He was right, but she wasn’t about to admit it. Her stomach ached. Most of the credit they made in the last week went to purchase a seat on the solar train, where they could be warm. But that ride only went so far. Eventually security would catch them and insist it was one circuit per ticket. They always did. As for the food ... tomorrow the community kitchen would have hot chow. “I can wait.”

“You haven’t eaten real food in three days.” Nate sighed. “I promised Mom I’d take care of you. I don’t go back on my word.”

“She’s gone. She’ll never know. I’ll be okay.” A rush of dizziness hit and Jocelyn sank to her heels. Nate’s energy flared like a starburst.

“Nate--don’t.” The longer they were on the streets the more chances he took to keep her safe. The Enforcers were already after her. He didn’t need to become a fugitive too. If it weren’t for her, Nate would be home, sleeping in a real bed, not picking food out of the trash or committing crimes.

She should’ve left him before it came to this, but she worried about the trouble he’d get into on his own. At least this way she could try to keep him from doing something stupid. Which at the moment, she seemed to be failing at miserably.

“I’m going in there to take what we need. We can’t help being hungry,” he said

“Sit with me and stay warm. I’ll be fine.” She reached up and grabbed his hand.

“No.” He pulled away. “Stay here, out of sight.”

“Don’t go in there. Something doesn’t feel right.” That wasn’t a lie. Whatever triggered the unease gnawed at the corners of her consciousness. It was there, flashing danger alerts through her brain, waiting for an opportunity to strike and the last person she wanted to be a target, wouldn’t listen to her.

“I’ll be okay. I’m only going to nick some food and credit. Small stuff.” Nate tucked a lo
ose strand of her hair into her hood. “I'll be right back. Nobody’s going to get hurt.” He turned. His boots crunched on the snow as he walked away, stringing her nerves tighter.

Jocelyn leaned against the brick. Idiot. What did he think he’d accomplish? He’d get her one meal and lose his soul over it. Stubborn, stubborn, stubborn. Why wouldn’t he listen? She’d be okay. She’d come out of worse situations than this.


Bells jangled from across the street as he entered the store. Jocelyn’s stomach twisted into knots. Heat blew up from the grate where she sat on her heels, but it didn’t help the foreboding chill that blanketed her body. She raised her wrist to her mouth and chewed on her jacket’s frozen cuff.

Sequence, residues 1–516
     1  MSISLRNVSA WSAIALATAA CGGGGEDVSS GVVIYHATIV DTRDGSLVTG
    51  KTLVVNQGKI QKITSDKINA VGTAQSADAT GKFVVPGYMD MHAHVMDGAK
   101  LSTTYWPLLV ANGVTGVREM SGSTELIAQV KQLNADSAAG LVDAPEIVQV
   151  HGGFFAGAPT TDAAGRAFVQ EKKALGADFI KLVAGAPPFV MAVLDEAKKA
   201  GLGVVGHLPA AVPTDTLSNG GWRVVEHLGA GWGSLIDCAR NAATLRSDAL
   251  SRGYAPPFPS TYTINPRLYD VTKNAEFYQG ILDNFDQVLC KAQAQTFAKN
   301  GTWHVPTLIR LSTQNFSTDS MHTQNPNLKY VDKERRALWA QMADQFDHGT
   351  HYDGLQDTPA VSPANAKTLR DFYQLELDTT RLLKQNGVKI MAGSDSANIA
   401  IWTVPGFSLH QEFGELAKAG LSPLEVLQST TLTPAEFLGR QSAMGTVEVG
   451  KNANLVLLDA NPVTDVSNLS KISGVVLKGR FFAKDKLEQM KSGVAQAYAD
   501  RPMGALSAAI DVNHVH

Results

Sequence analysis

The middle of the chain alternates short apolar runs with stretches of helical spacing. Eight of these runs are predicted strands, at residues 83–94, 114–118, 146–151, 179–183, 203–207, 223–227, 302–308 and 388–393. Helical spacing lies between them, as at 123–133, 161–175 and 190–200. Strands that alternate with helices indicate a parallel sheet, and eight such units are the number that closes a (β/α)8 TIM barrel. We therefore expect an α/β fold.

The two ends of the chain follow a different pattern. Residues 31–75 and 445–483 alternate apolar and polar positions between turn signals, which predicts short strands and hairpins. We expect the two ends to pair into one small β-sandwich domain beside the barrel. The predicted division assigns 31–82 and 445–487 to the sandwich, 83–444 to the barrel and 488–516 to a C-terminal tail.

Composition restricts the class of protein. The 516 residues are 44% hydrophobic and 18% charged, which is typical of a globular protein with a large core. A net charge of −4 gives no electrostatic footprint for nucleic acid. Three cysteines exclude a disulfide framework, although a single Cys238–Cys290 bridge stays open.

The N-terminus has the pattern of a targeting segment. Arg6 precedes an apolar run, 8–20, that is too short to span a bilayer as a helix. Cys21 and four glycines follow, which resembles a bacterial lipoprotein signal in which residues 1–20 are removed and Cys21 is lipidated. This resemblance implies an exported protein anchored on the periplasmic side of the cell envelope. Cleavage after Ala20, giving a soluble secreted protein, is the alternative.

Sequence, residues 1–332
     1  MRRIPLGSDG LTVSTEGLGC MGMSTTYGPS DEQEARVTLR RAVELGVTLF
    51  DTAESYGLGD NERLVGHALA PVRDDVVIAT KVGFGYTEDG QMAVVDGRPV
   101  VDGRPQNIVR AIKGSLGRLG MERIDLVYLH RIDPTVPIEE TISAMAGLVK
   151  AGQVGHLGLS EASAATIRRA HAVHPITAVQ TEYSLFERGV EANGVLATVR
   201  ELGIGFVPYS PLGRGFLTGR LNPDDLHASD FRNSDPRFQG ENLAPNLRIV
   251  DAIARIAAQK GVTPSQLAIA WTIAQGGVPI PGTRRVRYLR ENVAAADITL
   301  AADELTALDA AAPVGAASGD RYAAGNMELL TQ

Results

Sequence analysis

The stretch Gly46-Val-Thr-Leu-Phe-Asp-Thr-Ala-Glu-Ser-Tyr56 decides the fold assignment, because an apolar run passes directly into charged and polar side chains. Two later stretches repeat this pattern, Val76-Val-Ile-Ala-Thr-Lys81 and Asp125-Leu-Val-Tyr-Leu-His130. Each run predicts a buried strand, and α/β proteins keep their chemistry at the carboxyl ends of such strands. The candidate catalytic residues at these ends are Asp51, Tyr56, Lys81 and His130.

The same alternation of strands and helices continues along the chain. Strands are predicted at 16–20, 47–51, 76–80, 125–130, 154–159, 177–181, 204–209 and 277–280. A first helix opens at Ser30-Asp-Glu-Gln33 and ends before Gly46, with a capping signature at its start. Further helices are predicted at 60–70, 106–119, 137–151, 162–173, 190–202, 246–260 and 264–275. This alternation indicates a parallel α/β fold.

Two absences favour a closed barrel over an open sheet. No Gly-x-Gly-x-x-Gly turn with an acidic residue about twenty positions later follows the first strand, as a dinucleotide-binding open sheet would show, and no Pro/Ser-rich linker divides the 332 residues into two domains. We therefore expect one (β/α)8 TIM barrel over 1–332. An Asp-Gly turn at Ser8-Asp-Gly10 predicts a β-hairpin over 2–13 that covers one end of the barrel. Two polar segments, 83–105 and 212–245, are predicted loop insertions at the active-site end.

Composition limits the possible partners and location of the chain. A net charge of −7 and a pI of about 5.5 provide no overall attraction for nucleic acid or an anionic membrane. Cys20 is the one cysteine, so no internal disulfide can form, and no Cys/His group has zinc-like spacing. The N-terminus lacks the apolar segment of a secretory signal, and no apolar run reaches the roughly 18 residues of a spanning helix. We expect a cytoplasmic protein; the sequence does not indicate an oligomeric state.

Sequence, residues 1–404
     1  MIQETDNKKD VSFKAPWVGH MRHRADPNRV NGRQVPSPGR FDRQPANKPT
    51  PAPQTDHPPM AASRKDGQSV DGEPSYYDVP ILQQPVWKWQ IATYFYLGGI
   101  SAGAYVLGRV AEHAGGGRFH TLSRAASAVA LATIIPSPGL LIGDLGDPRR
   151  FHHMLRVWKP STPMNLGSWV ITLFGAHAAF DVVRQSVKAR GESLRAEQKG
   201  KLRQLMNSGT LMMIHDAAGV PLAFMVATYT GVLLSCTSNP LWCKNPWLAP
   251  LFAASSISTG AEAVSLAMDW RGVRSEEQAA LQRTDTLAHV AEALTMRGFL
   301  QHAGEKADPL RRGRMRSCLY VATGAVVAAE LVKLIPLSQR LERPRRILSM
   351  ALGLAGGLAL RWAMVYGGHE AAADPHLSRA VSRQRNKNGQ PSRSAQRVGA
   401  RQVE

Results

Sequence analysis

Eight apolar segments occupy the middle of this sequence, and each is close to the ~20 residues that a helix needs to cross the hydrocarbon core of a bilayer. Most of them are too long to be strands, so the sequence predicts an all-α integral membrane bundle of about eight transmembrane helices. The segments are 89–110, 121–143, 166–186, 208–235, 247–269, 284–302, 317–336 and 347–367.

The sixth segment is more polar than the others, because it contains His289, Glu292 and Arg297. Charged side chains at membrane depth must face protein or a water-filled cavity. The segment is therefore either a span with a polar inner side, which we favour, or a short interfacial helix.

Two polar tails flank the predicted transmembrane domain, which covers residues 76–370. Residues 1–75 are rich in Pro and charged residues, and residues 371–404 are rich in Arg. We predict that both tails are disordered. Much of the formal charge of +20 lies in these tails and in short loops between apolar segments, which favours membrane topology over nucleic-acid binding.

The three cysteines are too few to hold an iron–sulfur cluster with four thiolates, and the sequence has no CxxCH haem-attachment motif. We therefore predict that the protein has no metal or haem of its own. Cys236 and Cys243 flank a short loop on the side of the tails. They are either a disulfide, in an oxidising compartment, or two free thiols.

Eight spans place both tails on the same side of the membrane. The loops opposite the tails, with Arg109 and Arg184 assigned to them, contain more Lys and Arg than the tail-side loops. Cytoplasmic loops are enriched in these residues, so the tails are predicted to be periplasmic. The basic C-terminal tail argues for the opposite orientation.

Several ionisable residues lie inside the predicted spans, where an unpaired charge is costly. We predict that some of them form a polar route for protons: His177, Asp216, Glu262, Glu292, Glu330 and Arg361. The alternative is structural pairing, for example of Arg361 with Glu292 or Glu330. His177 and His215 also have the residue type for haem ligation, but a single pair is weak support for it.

“Be safe. Be safe. Be safe.” She rocked and focused. Nothing. Only that feeling as it grew stronger. “Get out, Nate,” she whispered, mentally reaching for him. No contact.

Nate, listen to me.

The wind whistled between the buildings, but nothing else.

“Damn.” She’d have to do it. She couldn’t let him take the chance. A distant vehicle alarm screeched, but Jocelyn ignored the sound and intensified her focus. This time she directed her push at the store clerk and a less resistant mind. “You won’t see a gun. You’re going to give him the credit as change for a purchase.”

“Come on.” She felt it, the moment she caught its attention. A chill slithered up her spine. Jocelyn bit her lip. A reaper approached. Huddled down by the trash, she should be unobserved, but he’d zero in if she jumped.

She wished she knew how close it was, but it didn’t matter. She’d no choice. There was one way to get Nate out and it meant helping him rob the store. One deep breath and she balled her fists. Energy bloomed around her and her spirit lifted from her body. She shot through the solid wall of the convenience store and rushed inside the clerk.

Using the clerk’s eyes, she studied her brother as he scrolled through digital postcards and waited for the customer at the counter to leave. She opened her mouth to warn him, but the customer before her spoke.

“I had it right here.”

She surveyed the counter and the man in front of her. He had a massive bottle of high-octane rum and a pile of empty credit chips. He rummaged through his pockets, picking out lint, a couple of pinched cigarette butts and a condom. Jocelyn tapped the counter. She glanced at her brother again and her stomach convulsed. No time for this.

“It’s in here somewhere.”